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19th Amendment exhibit moves to GB Public Library
votes for women 3 women
Posing as suffragists are local League of Women Voters members, from left: Beverly Komarek and Janice Walker, and Krystall Barnes, Barton Community College coordinator of Workforce Training.

The League of Women Voters of Kansas will move its 19th Amendment exhibit to the Great Bend Public Library next week, where it will be on display Monday through Friday. There will be a closing reception for this exhibit from 1-2 p.m. on Friday, December 20.

Janice Walker from the Great Bend League of Women Voters explained that the seven-panel traveling exhibit is a mobile museum explaining the history of the women’s suffrage movement.

Beginning with Clarina Nichols in the late 1800s, women in Kansas fought for decades to ensure their inclusion in civic life. Kansas was on the leading edge as women could vote in all elections in Kansas in 1912, eight years before the 19th Amendment extended that right to the rest of the country.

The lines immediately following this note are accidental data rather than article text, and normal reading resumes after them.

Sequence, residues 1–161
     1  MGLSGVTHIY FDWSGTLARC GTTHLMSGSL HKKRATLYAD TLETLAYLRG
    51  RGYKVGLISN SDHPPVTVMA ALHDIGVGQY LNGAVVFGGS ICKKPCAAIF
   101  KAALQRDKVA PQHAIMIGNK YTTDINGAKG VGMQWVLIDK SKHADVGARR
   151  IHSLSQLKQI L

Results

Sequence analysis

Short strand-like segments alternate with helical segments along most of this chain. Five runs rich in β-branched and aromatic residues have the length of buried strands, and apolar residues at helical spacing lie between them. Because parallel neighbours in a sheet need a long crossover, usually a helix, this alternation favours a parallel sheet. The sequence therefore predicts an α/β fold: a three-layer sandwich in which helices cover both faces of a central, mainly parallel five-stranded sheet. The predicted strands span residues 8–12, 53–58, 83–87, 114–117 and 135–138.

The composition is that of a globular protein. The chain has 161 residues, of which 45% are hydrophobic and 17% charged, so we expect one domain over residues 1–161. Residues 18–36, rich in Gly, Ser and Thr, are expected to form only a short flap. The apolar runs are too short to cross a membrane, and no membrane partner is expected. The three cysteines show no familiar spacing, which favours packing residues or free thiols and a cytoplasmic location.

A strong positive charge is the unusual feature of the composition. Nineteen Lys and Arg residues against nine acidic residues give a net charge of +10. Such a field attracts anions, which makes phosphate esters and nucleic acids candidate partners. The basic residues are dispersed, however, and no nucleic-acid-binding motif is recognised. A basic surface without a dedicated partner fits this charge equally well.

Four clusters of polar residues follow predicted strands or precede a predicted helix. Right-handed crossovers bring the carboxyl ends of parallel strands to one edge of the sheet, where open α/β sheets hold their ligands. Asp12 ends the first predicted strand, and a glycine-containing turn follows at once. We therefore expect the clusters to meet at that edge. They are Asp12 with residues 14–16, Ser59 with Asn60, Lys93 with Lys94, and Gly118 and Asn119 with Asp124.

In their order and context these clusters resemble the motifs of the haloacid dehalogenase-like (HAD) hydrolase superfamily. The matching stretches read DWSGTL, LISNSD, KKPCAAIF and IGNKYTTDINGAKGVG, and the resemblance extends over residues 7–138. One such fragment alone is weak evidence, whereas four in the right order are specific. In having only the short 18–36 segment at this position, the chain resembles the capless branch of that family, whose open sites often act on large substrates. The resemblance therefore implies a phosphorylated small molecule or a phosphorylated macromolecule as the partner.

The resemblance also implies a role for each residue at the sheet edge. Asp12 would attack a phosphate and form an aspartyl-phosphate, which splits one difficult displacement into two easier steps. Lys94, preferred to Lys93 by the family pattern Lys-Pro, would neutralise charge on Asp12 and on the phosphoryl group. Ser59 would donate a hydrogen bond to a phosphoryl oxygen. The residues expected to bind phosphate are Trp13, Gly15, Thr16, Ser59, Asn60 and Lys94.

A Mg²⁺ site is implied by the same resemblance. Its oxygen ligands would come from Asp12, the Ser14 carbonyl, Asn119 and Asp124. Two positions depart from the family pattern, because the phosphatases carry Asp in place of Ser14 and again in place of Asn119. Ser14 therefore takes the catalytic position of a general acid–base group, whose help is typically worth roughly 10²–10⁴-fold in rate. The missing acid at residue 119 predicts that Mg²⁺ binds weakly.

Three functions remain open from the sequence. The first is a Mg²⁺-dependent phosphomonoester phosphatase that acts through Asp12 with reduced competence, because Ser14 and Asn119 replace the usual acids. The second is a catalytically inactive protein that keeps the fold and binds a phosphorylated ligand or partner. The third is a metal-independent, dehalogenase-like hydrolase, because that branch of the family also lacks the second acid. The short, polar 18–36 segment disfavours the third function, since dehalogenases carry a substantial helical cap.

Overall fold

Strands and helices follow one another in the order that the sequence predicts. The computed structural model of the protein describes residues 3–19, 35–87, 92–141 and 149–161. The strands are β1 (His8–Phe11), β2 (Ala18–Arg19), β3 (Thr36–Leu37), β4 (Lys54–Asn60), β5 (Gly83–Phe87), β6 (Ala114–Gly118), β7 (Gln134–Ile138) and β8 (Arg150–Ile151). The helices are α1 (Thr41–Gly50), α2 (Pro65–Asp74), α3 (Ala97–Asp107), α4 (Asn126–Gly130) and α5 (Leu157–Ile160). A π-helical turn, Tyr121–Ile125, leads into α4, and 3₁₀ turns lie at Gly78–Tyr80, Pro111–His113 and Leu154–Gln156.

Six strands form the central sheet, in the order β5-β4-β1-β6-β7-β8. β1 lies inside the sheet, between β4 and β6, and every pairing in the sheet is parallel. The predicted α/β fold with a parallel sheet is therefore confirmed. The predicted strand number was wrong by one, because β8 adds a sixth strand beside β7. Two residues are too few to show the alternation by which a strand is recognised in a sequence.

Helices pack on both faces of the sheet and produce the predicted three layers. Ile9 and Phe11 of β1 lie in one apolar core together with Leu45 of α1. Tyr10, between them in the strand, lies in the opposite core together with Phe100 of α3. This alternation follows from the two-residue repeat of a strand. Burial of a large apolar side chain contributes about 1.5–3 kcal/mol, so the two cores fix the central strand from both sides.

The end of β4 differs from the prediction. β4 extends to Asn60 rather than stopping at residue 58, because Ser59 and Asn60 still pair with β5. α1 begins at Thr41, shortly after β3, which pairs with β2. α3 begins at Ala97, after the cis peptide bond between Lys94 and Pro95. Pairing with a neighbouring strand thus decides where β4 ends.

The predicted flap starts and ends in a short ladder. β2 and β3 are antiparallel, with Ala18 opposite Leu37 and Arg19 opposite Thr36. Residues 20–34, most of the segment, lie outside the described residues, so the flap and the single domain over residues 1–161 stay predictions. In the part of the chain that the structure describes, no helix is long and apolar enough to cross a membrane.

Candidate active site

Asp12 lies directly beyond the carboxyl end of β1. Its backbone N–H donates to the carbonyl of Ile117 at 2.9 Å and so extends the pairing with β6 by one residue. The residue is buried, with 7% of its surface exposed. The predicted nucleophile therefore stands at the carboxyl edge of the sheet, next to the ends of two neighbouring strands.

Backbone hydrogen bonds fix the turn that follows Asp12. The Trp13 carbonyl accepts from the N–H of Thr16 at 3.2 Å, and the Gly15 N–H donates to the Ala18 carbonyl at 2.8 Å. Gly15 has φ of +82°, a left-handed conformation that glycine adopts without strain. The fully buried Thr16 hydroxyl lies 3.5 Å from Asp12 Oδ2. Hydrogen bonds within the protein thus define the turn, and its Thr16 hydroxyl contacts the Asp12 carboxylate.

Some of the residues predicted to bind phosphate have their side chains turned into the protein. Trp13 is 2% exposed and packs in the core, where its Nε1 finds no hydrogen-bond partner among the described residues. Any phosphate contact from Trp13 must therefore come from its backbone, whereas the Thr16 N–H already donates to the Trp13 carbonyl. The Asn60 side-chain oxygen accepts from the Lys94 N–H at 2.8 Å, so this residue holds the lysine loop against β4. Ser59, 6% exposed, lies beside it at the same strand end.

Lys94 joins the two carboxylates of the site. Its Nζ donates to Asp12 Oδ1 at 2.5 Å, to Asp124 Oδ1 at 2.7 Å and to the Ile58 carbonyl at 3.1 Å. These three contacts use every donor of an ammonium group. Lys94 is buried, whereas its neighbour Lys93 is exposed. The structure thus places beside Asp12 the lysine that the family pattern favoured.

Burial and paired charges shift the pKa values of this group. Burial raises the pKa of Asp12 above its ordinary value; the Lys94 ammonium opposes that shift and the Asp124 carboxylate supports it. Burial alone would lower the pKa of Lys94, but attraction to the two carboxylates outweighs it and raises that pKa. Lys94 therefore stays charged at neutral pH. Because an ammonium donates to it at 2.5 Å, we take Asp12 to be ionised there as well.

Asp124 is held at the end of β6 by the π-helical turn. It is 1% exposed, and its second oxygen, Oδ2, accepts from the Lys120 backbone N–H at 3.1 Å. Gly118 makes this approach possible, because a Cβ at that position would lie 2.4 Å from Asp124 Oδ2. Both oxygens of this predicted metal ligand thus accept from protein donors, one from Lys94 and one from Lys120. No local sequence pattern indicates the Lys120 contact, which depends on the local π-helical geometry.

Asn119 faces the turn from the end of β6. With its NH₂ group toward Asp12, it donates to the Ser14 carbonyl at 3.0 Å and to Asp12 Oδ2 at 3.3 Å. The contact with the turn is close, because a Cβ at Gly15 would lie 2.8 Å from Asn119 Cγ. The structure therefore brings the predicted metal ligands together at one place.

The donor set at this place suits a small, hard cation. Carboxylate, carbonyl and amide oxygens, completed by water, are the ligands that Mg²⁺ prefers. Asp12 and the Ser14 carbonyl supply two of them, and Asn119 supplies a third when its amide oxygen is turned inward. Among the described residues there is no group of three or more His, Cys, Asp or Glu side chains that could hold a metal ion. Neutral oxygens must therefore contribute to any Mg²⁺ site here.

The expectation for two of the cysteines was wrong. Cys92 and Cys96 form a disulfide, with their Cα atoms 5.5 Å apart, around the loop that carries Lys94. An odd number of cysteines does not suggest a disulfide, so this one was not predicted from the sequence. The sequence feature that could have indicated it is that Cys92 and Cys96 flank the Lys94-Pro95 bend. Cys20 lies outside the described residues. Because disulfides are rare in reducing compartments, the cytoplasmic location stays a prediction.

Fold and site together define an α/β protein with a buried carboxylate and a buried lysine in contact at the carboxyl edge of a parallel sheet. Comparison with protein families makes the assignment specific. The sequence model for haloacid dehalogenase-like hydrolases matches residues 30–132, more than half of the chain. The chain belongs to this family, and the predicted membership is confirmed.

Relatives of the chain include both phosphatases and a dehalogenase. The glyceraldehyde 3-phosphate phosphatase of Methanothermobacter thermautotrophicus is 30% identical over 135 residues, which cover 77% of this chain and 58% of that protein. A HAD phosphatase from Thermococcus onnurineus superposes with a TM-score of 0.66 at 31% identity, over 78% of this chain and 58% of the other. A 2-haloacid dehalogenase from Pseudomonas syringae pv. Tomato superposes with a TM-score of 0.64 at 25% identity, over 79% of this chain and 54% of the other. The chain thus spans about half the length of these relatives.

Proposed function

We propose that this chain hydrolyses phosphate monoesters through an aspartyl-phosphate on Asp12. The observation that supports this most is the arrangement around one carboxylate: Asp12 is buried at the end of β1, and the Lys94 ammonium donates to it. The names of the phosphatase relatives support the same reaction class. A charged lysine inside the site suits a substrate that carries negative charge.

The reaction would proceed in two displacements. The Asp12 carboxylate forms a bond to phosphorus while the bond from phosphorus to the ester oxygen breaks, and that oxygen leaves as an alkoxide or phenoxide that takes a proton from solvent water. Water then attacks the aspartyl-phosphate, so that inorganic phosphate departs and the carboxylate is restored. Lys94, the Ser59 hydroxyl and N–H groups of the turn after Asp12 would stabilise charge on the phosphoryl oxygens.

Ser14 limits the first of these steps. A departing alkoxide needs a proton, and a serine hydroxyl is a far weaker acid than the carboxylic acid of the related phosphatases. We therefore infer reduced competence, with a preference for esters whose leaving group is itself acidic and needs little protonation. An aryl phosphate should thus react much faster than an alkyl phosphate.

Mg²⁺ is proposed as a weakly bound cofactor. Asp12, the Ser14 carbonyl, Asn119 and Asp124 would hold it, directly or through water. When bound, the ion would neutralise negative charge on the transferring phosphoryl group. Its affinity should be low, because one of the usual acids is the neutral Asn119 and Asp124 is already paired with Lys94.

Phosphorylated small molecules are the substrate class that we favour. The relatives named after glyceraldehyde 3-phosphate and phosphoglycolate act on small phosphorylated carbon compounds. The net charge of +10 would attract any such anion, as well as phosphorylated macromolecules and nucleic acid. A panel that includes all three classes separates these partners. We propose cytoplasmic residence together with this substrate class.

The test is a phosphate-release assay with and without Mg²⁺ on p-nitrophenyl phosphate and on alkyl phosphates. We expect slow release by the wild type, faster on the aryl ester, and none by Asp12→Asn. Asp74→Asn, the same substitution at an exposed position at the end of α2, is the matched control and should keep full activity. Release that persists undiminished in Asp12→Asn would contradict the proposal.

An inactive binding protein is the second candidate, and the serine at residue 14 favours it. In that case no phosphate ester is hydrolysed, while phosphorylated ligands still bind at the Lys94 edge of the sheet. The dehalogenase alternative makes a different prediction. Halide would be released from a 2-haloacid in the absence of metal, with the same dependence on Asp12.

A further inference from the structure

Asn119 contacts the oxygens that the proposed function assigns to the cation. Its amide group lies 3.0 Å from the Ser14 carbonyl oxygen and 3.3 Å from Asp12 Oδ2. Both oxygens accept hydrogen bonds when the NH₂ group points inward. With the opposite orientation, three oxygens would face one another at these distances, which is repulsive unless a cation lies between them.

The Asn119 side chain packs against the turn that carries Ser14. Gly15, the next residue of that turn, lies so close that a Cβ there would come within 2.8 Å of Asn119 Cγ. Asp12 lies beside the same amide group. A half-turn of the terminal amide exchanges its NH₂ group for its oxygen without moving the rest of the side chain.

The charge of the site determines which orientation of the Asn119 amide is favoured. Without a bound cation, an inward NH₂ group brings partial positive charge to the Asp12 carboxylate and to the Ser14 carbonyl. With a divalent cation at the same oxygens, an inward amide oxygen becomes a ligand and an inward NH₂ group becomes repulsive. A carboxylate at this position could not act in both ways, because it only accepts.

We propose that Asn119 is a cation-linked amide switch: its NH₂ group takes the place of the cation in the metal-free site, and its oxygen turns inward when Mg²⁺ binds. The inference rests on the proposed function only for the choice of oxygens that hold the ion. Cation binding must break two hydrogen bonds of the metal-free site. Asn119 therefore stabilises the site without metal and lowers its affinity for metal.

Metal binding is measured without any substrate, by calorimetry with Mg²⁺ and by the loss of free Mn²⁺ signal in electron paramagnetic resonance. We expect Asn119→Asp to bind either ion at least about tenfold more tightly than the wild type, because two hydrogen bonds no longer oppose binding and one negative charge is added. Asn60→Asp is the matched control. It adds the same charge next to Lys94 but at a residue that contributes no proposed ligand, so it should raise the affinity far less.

The exhibit also traces the history following 1920, including the influence of African-American and Native American women, who had an integral part in the process even as the right to vote did not include them until much later. Illustrating the difference women’s involvement in the political process has made in the lives of all Kansans through the present day, the exhibit’s final panel issues a call to action to vote in every election.

This exhibit has been shown at Barton Community College and has been at the Great Bend Public Library this week. After the closing reception at the Great Bend Public Library on December 20, the exhibit will return to Topeka.

19th amendment exhibit at BCC
The 19th Amendment exhibit was shown at the Barton Community College Library. Next week it moves to the Great Bend Public Library. The traveling exhibit features seven panels that explain the history of the women’s suffrage movement.
women voters file photo